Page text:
Eastern Pacific Shark Species
Eastern Pacific Shark Species
By Tara A. Spears
My reason to educate myself about the species and habits of sharks began more than 20 years ago due to a personal encounter with these predators. My sons and I were fishing in south Florida, having an exceptional morning having landed more than 50 fish. By noon it was hot so we put down the rods and dove into the ocean. Foolish idea. As I was handing a cool soda to my youngest son- who was sitting in ankle deep water at the shore- he screams and leaps up, blood running down his back. To this day, he has scars from the 40 puncture marks from the shark bite.
The lesson we learned is that you do not swim where you have been catching fish, as the larger predators are also working the same school of fish. This incident didn’t deter my family from continuing to enjoy ocean water sports- both of my sons are certified scuba divers besides avid fishermen. We understand that every time we go into the ocean, there is a possibility of encountering predators so we take precautions.
According to University of Florida ichthyologist, George Burgess, who has researched sharks for 30 years, “The number of shark attacks could be cut in half if people used more common sense, such as avoiding fishing areas and inlets where sharks gather and leaving the water when a shark is sighted.” Rather than fear, I have respect for these amazing hunters after seeing so many of them live. It is so much more impressive than even the best Discovery Shark Week special!
Physical Characteristics Unique to Sharks:
Unlike ordinary fish, sharks have no bones; their skeleton is made of cartilage, which is a tough, fibrous substance, not nearly as hard as bone. Sharks also have no swim bladder, unlike the bony fish. Instead of scales, sharks have a tough hide-like skin. The shark’s senses are developed to enable it to successfully feed itself. Unlike most fish, the shark has strong olfactory perception. Once the shark picks up a scent, it swims up the trail moving its head from side to side to determine from which direction the odor is emanating. Most sharks possess excellent vision as they rely heavily on sight while hunting for food. Sharks also use the sense of touch to perceive prey: this perception can be split into actual touch or distant touch- where the shark ‘reads’ electrical impulses bouncing off of things in the distance.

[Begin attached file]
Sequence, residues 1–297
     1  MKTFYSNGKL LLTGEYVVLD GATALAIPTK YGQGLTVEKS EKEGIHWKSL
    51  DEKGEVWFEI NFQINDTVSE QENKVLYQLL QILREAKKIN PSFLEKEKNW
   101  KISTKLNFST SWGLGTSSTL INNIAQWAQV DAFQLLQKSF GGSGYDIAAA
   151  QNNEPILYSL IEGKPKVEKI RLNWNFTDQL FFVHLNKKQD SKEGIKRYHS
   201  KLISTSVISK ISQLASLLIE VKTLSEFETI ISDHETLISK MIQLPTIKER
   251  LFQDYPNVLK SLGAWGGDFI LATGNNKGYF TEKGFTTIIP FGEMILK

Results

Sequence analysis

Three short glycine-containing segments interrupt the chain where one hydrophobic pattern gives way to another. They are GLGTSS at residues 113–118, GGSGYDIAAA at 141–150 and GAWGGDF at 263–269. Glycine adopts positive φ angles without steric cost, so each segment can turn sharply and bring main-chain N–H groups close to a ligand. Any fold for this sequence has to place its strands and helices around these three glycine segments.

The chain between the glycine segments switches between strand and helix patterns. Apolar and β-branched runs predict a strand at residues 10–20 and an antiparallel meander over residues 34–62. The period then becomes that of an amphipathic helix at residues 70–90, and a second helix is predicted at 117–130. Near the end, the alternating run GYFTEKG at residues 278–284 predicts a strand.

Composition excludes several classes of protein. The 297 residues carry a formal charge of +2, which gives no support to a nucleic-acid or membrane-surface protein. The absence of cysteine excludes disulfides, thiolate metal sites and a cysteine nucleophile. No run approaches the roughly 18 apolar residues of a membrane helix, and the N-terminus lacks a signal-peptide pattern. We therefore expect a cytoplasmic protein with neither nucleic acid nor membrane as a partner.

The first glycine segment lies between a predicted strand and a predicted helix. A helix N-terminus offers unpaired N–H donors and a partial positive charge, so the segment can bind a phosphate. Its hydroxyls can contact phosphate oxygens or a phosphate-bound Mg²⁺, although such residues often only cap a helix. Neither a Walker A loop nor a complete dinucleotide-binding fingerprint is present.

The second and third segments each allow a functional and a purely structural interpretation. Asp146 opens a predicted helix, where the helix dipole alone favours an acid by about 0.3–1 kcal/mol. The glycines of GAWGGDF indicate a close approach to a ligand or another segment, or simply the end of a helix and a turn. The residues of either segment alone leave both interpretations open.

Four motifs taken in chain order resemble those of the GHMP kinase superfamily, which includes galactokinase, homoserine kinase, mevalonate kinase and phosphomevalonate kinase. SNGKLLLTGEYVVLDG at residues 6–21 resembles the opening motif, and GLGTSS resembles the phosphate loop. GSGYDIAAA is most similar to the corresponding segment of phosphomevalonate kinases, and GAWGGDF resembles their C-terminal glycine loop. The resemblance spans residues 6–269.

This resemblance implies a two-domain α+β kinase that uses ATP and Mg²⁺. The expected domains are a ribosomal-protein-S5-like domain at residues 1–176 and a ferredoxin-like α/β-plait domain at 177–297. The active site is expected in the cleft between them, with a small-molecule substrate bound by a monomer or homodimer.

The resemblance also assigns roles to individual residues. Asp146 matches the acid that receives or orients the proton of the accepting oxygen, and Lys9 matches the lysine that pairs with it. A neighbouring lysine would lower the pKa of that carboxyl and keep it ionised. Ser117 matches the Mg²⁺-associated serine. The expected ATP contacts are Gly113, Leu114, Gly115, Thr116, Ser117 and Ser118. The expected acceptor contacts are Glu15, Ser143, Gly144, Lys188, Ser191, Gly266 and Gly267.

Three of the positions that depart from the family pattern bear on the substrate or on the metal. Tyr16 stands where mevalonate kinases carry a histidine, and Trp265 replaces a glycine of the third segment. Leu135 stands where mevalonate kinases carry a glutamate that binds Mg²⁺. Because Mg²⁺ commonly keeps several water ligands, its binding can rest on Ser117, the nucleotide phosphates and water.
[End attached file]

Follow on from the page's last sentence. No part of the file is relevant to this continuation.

Although considered a primitive species, sharks have a relatively large and complex brain. A shark’s brain to body mass ratio is higher than most other fish and is comparable to many other vertebrates, including some mammals. Brain size and complexity vary from shark species to species. The sharks with the largest brain to body weight ratio are active sharks like the dusky shark and the scalloped hammerheads. The sluggish bottom-dwellers (like angelsharks) have relatively smaller, less complex brains.
Sharks of all species continually shed their teeth and grow new ones. They have 40 or more teeth in each jaw. Behind the functional rows of teeth are seven other rows of teeth developing into mature dentures to replace teeth as they are shed or lost. Unlike us, shark teeth are not glued over roots. Amazingly, the shark is equipped with 15 rows of teeth inside their mouth enabling it to replace an old set of teeth within a day with a new set. Sharks replace around 6000 teeth each year yet they never run out teeth.
It’s their Party:
It’s no different for humans that go on safaris or hunt land animals: when you are in the shark’s natural environment, you need to be aware of their behavior and habits. Knowing where in the ocean sharks are likely to dwell, and at what depths they prefer, it’s fairly easy to coexist. Understanding that the different species have unique feeding preferences, water temperature requirements, and seasonal reproduction needs allow you to take precautions. Typically, the majority of shark species will be based around the warmer parts of the ocean, ranging throughout the central tropical regions of the Pacific and Atlantic oceans. There are many more shark species than what I have highlighted in these two articles, but I have chosen the species that either I have personally seen or know to inhabit the coastal area along the Mexican Riviera Nayarit.